Saturday, 18 January 2014

2013: The Year in Prog Albums - Phase 2: Numbers 7-5

Continued from Part One (due to getting a bit overexcited and typing an entire thesis on why prog is still, like, awesome...)

7. Mr. So & So: Truth, Lies and Half Lies 

Rock, rock, rock. RAWWWWK. There are times when you just want your music to get down and dirty, and not to sound like either Yes or Porcupine Tree – and it’s at such times that you need to catch Mr. So & So live, like I did, and rejoice in their straight ahead, no-nonsense approach to creating great, enjoyable music. Built around obvious frontpeople Dave Foster and Charlotte Evans, they’re almost a less metal version of Touchstone, with (dare I say it?) better tunes. Throughout, there are gigantic riffs, proper choruses and great male/female harmony vocals which is always a plus in my book – plus there are proper, old-fashioned rock and roll guitar solos out the wazoo.

And just when you’re thinking this all sounds incredibly dumb and heartless, there’s the touching ‘Looking Glass’, in which Charlotte shows a rather raw and vulnerable side, and the gut-wrenching ‘You’re Coming Home’ which caused even hardened proggers  at the gig to come over a little unnecessary and “have something in their eye”.

Also, ‘Apophis’ sounds absolutely brilliant when you’re taking off in a plane (thanks BA for enabling me to find that out.)

Key tracks: Paperchase / Apophis / You’re Coming Home

6. Riverside: Shine of New Generation Slaves

Poland is a pretty grim and depressing place, isn’t it? I mean, I’ve never been there, but I have all the Riverside albums, so I’m just assuming, given how unremittingly minor key and bleak of outlook their songs are. Still, sometimes you’re just in the mood to wallow in self-pity like an emo teenager, even when you’re on the wrong side of 34, so for that reason it’s always nice to have Riverside back.

Again, I’ve not really studied the lyrics in any great depth, but there’s a picture of what looks like Canary Wharf tube station on the front, with hollow-eyed people going down an escalator  (or perhaps up, backwards), so I’m going to assume it’s a concept album about mean old city people, the evils of money, and the drudgery of being a corporate drone (popular theme this year…).

If The Tangent’s soundtrack to corporate drudgery is a cacophony of Stravinsky-esque mind-buggery, Riverside’s sticks with the tried and tested formula of being a bit like Porcupine Tree, with acoustic guitar dark-strummy ballads like ‘The Depth of Self Delusion’ which is this year’s ‘Conceiving You’ (and nearly as good), and catchy metal riffs like ‘Celebrity Touch’, which is hopefully about Moby’s favourite party game, and confirms the old adage that what makes a riff 73% more awesome is to play it on an additional guitar the second time around. They also go for the old “Pink Floyd Rulez” tack on ‘Escalator Shine’, something which is taken to extremes on the bonus disc of spacey instrumentals which is well worth an extra few quid of anyone’s money.

But, just when you think they’ve got nothing new to say, along comes ‘Feel Like Falling’, which is basically a really excellent pop song. And it’s in a major key. And Mariusz yalls “C’mon!” before the guitar solo. Maybe there’s a chink of light in that Polish sky after all…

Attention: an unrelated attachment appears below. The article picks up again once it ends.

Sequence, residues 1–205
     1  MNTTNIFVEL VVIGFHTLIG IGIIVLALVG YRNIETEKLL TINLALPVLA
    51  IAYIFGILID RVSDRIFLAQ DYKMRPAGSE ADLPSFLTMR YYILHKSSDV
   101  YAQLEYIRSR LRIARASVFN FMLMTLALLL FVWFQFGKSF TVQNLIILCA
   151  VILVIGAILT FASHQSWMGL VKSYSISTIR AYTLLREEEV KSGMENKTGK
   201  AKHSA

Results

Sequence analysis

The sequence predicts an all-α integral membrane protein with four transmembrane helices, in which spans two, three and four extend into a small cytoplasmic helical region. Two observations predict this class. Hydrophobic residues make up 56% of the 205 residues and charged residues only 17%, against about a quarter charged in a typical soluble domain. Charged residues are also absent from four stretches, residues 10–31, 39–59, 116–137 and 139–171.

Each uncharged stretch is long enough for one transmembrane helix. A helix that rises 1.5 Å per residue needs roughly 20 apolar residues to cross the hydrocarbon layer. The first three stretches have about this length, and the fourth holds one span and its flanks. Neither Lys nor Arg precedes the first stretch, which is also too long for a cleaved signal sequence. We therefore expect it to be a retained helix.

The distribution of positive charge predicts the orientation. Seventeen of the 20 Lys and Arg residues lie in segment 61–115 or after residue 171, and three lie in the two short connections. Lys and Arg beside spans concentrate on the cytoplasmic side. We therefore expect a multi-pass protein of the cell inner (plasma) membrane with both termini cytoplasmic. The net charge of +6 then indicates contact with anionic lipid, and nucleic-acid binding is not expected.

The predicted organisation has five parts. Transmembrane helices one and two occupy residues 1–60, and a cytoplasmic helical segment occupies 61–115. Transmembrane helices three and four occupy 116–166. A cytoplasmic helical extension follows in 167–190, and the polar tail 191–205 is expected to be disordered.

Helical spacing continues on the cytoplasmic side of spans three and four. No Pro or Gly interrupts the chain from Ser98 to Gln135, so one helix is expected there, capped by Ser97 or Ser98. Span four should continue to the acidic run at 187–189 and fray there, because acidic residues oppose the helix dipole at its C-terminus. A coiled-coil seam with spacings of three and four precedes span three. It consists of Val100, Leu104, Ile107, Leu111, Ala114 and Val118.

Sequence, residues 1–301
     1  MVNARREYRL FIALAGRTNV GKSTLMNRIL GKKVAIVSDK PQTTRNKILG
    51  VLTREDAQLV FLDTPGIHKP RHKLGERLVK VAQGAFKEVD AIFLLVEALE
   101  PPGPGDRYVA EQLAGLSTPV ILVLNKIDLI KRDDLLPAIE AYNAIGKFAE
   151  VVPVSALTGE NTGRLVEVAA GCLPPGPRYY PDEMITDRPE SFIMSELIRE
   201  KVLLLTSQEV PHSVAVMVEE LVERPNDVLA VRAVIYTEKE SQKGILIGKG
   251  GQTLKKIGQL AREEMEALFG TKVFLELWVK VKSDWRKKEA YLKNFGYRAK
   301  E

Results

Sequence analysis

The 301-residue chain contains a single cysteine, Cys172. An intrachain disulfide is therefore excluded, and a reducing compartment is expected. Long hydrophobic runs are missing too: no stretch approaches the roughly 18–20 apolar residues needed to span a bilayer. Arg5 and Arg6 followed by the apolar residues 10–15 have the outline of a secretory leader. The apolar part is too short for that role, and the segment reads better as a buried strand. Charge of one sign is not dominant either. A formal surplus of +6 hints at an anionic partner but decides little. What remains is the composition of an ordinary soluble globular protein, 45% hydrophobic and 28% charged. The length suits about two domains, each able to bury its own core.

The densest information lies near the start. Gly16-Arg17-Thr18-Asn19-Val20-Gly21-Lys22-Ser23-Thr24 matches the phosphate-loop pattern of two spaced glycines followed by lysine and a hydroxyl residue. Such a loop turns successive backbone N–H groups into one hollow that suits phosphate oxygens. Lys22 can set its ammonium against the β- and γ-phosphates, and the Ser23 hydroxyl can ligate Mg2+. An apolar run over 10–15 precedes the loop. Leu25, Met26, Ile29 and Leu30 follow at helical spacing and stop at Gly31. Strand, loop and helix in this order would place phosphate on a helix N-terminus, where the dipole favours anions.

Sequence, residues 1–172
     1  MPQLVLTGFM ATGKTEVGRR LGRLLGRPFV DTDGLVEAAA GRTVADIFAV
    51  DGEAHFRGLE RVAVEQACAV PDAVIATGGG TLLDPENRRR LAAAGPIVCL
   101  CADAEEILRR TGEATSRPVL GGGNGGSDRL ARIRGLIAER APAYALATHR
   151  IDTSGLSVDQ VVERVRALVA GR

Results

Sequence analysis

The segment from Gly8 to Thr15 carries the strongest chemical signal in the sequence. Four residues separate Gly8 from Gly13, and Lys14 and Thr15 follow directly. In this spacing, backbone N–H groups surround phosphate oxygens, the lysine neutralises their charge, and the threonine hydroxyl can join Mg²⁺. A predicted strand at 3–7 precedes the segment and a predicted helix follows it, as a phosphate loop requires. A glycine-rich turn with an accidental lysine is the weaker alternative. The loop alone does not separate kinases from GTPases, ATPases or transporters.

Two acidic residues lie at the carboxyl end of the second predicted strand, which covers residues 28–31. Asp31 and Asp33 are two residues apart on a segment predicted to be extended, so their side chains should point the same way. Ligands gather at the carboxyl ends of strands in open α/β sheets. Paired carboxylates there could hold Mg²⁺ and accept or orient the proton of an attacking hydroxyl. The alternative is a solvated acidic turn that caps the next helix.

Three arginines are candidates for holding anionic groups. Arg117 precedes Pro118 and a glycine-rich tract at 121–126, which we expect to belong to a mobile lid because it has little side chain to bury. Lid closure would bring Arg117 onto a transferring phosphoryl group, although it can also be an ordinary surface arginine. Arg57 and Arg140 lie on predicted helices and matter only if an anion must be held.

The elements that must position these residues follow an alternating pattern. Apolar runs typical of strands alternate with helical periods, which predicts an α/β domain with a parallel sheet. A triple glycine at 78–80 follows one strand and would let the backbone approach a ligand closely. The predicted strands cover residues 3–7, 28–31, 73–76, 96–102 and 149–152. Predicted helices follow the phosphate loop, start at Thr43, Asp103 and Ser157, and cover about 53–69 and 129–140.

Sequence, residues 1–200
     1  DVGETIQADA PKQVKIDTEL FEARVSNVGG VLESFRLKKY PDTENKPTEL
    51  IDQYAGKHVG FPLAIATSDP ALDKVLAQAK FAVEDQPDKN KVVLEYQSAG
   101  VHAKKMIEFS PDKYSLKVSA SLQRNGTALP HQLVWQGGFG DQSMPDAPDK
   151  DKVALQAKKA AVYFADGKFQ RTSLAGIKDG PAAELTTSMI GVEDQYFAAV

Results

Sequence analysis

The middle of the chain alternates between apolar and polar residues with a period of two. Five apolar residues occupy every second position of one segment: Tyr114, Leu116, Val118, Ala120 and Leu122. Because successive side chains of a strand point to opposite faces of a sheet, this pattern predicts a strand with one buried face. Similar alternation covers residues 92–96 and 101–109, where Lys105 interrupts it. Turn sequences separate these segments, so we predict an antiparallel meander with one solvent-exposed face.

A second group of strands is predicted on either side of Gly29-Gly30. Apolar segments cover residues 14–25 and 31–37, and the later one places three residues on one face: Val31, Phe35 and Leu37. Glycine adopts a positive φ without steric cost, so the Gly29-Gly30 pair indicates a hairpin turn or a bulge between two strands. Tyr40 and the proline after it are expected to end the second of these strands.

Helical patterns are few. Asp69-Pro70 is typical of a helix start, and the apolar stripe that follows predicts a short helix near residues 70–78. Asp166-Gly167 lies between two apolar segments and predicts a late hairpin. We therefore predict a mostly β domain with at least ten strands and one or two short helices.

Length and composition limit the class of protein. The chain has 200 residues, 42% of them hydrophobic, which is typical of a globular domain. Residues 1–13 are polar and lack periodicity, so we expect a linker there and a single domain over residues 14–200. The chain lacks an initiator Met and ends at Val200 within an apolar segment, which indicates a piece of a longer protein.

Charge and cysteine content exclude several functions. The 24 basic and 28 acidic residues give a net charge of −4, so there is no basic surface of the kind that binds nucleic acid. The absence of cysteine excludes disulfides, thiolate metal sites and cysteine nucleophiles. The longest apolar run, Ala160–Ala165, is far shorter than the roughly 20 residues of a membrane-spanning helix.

Key tracks: Celebrity Touch / Feel Like Falling / Escalator Shrine

5. Big Big Train - English Electric Part 2 

GF: Greg, David, is that your final answer?
BBT: Erm, hang on…

Oh, alright then... 5. Sound of Contact: Dimensionaut

Oh lord, another concept album for me to not understand. Now, I have to admit that I was somewhat unfair to Sound of Contact when I saw them live earlier this year – my main impression being that Simon Collins was trying a bit too hard to be his dad, and that they weren’t as much fun to watch as Beardfish. But then again, Cirque de Soleil aren’t as much fun to watch as Beardfish.

Anyway, I picked up this album with trepidation, and blow me, if it doesn’t turn out to be one of the finest things released in a long time. So, just how much does it sound like a Genesis album, then? Well, there’s no getting away from the fact that Simon’s voice is exceptionally similar to his dad’s - which is hopefully natural and not an affectation - and Sound of Contact / Cosmic Distance, with its rolling toms, is probably the track I accused of ripping off Duke’s Travels at the gig, but it’s a stonkingly good album opening when it kicks into the first real song ‘Pale Blue Dot’, just the first of many “proper” songs with tunes and choruses, but definite prog sensibilities, like ‘Remote View’ and ‘Omega Point’. Admittedly, it does drag a little in the latter stages with some less interesting ballads like ‘Closer to You’, but it’s rescued at the end by closer ‘Mobius Slip’ which is probably the darkest, heaviest thing on the album and factually the longest.

So, yeah, pretty much exactly like a post-Duke Genesis album then – in fact I sometimes like to try to imagine that it is their new album, as I sit, friendless and alone at home with my copy of Armando Gallo’s ‘I Know What I Like’. Some of the songs are easier to do this with than others; Phil-led Genesis were never as heavy as some of the sections of ‘Mobius Slip’, for instance, but just imagine if they could get back together and produce something of this quality. It’d easily be their best for, ooh, 17 years.

Key Tracks:  Cosmic Distance…Pale Blue Dot / Omega Point / Mobius Slip

Next time: Some more albums. In some sort of order. 

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